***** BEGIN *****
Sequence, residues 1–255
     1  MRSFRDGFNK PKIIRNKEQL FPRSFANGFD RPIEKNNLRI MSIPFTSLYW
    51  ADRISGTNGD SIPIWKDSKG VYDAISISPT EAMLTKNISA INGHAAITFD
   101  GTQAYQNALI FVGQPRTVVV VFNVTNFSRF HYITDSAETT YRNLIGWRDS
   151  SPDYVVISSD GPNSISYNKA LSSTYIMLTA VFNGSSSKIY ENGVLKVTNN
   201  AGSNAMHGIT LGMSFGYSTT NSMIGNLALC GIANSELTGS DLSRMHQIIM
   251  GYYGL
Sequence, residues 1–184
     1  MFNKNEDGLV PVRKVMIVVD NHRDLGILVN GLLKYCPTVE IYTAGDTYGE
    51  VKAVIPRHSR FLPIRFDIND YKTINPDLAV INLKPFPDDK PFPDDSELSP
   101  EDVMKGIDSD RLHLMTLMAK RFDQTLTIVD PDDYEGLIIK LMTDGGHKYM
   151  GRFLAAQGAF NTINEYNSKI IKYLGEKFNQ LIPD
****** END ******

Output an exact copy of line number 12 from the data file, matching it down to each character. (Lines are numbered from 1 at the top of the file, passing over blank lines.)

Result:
   151  GRFLAAQGAF NTINEYNSKI IKYLGEKFNQ LIPD